The English border is becoming increasingly monitored

As of April 30th, new border checks on medium-risk food and horticultural products from the European Union have come into effect at the British border. This new regulation primarily concerns products of animal or plant origin, such as dairy, eggs, meat, and plants. The checks, both documentary and physical, are implemented based on a risk analysis system devised by British Customs.
For exports, the initial step is to correctly classify the goods using the UK’s Trade Tariff database, which categorizes goods based on risk. Products are classified into high, medium, and low-risk categories, determining the intensity of border checks and the requirement for health certifications and documentation.
For imports from the European Union, importers are required to pre-notify, and exporters need to provide a health or phytosanitary certificate issued by the originating country’s health authority (specific certificates are required for medium-risk animal and plant products, as well as high-risk foods and feeds).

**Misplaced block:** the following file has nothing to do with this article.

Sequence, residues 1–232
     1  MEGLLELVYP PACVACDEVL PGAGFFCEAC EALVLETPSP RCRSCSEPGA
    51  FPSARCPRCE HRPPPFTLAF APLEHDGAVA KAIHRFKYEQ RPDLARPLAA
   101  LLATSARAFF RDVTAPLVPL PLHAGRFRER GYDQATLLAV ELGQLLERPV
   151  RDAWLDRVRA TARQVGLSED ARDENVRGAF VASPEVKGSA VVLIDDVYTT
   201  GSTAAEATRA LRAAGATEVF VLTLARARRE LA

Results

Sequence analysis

The new customs tariff, ranging from £10 to £29 per product, has sparked debates as it is levied even in the absence of actual checks. This raises doubts about its legitimacy under the Brexit Agreement, which envisages the absence of duties and taxes having equivalent effect to customs duties for European products.
In addition to tariffs, there are administrative costs and fees applied by port health authorities or the Animal and Plant Health Agency for health checks. Furthermore, if goods do not pass through a government management center but through a private one, tariffs are independently determined.